Eric Pape notes the irony between the perceived threat of radical Islam within Switzerland and the post-referendum threat from foreign radicals:

[T]he minaret referendum invites unprecedented security threats, both within the alpine nation and to its many humanitarian workers in remote outposts. (Swiss Red Cross workers in Central Asia, northern and eastern Africa, and the Middle East can’t be happy about the target that their compatriots have just painted on them.) As the Swiss Minister of Foreign Affairs Micheline Calmy-Rey warned during the campaign, a ban on minarets risked making her country into “a target for Islamic terrorism.”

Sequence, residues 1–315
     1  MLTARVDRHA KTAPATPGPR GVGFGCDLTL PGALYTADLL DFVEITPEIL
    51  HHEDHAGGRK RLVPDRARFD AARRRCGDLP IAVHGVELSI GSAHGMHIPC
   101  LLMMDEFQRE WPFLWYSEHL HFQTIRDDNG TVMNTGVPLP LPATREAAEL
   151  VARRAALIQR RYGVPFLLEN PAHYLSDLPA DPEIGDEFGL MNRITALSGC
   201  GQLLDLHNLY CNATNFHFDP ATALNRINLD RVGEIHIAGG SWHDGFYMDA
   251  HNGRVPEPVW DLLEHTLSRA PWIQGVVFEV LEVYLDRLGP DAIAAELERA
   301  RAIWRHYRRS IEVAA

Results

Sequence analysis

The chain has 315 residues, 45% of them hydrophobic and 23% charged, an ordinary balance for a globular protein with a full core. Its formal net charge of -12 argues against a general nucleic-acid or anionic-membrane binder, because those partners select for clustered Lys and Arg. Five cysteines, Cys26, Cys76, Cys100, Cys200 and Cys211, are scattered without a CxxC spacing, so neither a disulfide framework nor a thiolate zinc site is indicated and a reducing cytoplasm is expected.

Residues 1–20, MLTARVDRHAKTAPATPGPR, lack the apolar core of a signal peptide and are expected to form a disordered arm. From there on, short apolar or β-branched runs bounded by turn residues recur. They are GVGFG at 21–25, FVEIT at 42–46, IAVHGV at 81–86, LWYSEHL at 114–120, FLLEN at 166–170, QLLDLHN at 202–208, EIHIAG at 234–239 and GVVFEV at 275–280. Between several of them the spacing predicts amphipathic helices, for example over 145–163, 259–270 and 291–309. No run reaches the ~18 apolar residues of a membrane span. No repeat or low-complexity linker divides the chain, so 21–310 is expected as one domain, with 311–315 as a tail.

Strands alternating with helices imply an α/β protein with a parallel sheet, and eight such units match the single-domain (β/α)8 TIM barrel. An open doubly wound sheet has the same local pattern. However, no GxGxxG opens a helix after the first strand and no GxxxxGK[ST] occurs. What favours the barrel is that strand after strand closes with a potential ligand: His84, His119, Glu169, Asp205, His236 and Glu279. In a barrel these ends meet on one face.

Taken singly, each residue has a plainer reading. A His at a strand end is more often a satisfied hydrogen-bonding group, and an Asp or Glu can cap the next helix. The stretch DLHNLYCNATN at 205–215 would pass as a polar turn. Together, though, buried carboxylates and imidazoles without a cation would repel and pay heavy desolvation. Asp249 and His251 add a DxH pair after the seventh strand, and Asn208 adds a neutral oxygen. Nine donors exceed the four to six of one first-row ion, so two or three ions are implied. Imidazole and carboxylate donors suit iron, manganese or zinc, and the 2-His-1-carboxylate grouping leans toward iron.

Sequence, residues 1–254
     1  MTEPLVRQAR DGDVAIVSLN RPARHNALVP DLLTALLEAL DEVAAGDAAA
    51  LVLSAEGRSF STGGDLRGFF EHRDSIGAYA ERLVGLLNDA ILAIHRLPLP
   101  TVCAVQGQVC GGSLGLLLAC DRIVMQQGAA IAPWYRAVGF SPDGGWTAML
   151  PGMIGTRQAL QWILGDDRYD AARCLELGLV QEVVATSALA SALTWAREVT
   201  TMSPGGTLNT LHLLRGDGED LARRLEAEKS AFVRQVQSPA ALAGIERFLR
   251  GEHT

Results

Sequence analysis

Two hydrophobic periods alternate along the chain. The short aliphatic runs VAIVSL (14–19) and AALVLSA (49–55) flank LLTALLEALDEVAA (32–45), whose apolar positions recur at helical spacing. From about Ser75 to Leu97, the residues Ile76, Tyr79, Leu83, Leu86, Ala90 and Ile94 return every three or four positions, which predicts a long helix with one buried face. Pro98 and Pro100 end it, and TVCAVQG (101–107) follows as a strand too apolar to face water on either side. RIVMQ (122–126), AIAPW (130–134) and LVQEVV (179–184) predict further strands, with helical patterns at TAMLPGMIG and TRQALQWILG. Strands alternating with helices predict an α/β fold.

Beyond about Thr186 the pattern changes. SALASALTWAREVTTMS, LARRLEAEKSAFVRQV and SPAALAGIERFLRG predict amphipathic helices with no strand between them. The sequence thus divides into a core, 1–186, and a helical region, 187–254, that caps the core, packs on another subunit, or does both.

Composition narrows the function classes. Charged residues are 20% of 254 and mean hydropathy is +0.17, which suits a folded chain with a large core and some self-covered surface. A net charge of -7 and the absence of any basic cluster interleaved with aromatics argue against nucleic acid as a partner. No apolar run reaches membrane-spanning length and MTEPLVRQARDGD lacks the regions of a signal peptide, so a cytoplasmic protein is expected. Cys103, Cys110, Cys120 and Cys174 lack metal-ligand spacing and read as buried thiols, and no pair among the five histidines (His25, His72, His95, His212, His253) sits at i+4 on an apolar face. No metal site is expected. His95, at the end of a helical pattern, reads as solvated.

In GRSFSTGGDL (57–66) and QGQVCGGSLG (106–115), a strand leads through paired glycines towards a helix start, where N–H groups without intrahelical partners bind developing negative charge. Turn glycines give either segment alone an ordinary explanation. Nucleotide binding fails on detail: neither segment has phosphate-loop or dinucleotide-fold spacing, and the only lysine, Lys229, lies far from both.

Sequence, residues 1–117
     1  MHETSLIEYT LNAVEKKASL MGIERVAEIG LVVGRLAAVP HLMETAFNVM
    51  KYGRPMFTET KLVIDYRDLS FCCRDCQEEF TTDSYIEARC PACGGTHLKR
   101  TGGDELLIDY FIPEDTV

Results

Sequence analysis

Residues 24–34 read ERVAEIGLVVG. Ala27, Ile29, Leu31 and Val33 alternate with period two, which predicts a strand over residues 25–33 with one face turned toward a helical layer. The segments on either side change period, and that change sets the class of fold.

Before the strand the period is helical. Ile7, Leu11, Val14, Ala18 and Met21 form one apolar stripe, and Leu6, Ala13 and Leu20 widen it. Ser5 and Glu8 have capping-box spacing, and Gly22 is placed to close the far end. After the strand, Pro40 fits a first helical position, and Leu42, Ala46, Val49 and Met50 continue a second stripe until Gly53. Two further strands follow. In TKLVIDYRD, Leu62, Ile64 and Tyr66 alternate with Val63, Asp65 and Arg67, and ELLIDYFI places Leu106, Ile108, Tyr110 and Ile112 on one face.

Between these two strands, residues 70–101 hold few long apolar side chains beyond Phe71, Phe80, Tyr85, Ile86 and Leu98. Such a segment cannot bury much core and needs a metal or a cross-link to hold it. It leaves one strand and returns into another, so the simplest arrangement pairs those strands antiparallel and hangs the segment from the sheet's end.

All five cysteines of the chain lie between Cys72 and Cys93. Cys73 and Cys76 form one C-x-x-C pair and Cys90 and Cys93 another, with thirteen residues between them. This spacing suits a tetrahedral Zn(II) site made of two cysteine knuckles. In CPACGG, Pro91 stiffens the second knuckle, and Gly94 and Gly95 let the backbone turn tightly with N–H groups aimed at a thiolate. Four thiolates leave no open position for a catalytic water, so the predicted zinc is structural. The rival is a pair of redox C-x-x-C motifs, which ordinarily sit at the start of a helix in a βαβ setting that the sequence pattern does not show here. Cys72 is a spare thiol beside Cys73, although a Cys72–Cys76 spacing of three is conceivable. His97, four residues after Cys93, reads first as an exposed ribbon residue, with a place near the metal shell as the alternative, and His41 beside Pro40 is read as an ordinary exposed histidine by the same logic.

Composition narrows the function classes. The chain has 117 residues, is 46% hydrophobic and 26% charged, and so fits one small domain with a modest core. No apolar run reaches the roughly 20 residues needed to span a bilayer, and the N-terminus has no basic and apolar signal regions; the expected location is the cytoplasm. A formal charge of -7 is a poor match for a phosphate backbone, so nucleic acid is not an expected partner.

Yet:

Switzerland has just fouryes, fourminarets at the moment. (There areor wereplans to build about ten more.) Sharia law seems particularly unlikely given that barely 10 percent of Switzerland’s estimated 400,000 Muslims actively practice their faith in a country of nearly 8 million people. And most Swiss Muslims have migrated from nations with particularly strong secular traditions (Turkey, Albania, and the former Yugoslavia), leaving many of them about as likely to be extremists as are non-practicing cultural Jews in the US.

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